Vignettes VI

Vignettes VI delves into many aspects of contemporary life, combining observations of city life with deftly drawn portraits of the natural marvels of the Icelandic landscape, interspersed with tales from other lands. Ármann Reynisson takes the reader by surprise once more with a collection of visually evocative vignettes that are well-suited to being read aloud with all sorts of occasions.


The self-important lawyer

On certain occasions, one can see a warrior stride in and out of the court house, wearing a dark unfastened gown with light blue flaps that hang down over its front. The bustling wind blows the cloak to and fro, and when it reaches underneath the garment the back swells out like a sail and the laughing lawyer appears to rise off the ground. This self-important man always has plenty of major cases to attend to and is regarded as one of the most brilliant lawyers in his field. He also has a very high opinion of himself. Many people are good at creating a mountain out of a molehill and legal cases become more complex with each passing year. That is how the courts are nourished.

The communist

The cold war raged not only between politicians and powers in the east and west but also between individuals and even between children on a particular remote island in the north. People separated themselves into political parties according to their views and got involved in savage disputes on the issues. Families split and children shouted war cries.
On Advent, one could tell what political views people had by the colour of their Christmas lights hanging on the balconies of their houses.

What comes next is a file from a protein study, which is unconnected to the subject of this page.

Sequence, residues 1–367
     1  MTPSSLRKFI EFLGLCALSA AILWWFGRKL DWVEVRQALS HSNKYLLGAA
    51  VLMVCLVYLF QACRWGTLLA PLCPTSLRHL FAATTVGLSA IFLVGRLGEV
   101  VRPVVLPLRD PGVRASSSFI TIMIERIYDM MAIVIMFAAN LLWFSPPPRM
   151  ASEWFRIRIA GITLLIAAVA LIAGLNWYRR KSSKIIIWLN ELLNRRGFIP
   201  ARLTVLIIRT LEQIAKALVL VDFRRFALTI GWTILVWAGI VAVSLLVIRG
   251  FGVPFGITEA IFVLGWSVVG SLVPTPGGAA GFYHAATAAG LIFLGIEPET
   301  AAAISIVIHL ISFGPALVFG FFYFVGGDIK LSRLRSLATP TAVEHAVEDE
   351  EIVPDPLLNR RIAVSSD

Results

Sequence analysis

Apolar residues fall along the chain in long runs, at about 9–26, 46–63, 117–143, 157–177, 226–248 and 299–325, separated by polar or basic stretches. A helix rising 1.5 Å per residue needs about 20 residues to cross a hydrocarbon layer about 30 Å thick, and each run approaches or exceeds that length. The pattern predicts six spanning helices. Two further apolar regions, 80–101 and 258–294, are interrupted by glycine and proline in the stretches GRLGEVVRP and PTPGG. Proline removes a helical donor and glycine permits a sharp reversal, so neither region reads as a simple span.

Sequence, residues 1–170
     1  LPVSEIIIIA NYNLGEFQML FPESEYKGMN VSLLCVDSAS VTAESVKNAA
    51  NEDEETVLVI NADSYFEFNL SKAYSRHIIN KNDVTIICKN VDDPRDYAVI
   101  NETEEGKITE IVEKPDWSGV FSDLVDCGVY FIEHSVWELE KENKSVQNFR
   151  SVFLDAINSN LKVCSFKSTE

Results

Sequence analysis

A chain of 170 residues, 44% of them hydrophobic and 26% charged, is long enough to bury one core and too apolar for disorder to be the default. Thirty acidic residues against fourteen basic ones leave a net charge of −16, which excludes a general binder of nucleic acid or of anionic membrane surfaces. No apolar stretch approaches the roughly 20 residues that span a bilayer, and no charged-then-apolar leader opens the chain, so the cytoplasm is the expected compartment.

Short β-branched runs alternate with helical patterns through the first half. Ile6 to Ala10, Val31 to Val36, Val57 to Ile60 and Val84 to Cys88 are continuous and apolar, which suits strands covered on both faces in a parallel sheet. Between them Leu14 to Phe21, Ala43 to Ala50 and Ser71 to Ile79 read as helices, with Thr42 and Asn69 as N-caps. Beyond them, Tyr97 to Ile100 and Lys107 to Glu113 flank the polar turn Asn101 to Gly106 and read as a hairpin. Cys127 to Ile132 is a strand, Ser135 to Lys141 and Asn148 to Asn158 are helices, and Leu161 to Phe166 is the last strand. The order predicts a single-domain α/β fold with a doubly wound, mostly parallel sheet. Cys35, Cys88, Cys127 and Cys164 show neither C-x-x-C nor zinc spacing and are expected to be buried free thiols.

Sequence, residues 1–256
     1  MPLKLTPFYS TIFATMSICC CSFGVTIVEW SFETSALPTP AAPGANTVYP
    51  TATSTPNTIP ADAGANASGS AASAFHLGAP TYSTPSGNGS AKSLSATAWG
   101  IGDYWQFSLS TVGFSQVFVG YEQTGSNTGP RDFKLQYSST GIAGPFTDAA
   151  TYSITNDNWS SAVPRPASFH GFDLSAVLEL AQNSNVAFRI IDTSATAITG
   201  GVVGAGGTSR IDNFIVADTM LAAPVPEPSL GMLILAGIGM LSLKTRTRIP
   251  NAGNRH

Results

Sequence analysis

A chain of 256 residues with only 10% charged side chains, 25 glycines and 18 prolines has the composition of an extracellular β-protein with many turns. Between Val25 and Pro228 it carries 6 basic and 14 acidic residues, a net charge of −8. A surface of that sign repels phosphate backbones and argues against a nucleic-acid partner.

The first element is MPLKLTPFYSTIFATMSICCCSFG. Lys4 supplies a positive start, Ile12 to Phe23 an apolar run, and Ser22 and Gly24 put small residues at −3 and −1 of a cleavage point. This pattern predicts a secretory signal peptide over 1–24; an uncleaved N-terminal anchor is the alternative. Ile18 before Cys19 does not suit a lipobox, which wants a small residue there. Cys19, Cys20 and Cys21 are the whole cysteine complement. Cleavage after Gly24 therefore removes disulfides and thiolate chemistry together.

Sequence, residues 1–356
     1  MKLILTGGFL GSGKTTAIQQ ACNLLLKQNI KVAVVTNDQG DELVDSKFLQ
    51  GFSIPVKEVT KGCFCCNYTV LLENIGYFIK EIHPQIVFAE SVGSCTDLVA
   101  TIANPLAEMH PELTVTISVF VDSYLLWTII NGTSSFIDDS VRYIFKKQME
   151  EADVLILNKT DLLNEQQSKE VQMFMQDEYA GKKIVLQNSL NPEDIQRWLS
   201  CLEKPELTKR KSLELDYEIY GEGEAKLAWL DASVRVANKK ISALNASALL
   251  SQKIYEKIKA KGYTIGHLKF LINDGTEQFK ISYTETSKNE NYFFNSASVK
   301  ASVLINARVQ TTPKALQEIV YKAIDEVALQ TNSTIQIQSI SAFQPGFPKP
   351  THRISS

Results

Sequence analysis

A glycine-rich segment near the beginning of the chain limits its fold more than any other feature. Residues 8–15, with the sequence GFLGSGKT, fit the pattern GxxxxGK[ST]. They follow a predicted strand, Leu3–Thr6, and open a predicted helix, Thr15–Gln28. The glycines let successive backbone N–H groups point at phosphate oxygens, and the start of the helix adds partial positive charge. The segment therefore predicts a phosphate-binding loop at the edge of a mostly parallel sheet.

The great poet

In a two-story ambassadorial home, in a far off land, an impressive spiral staircase dominates the centre of the building and joins the lower floor to the upper. An elevator, situated in the middle of the staircase and encased in glass, is constantly used by the residents.


All sorts of things lead to intimacy and sometimes it is difficult to say exactly what brings people together or joins them. In some cases, this lasts a lifetime; in others, it is bound to a single moment. The variation is endless. The kisses start when the ice is broken and people want to show each other love or affection. Usually, this takes place after a certain time, but sometimes it happens at once. Kisses are as different as people themselves, but even so they may be categorised.

The third heart

At the edge of the peninsula where the surf breaks on the shore, only partially in rhythm with the hearts of those who live there, Grindavík rises out of the flatlands, surrounded by jetties. This harbour is the main artery of the town, overfull with all sizes of craft, emptying out when there is a chance to go out into the rich fishing grounds and bring back a catch. It is quite a sight to see when they return, heavily laden and covered in bird droppings to land the fish on which the nation so depends. A man of fair complexion lives here, one of the few people on earth who have a third heart.

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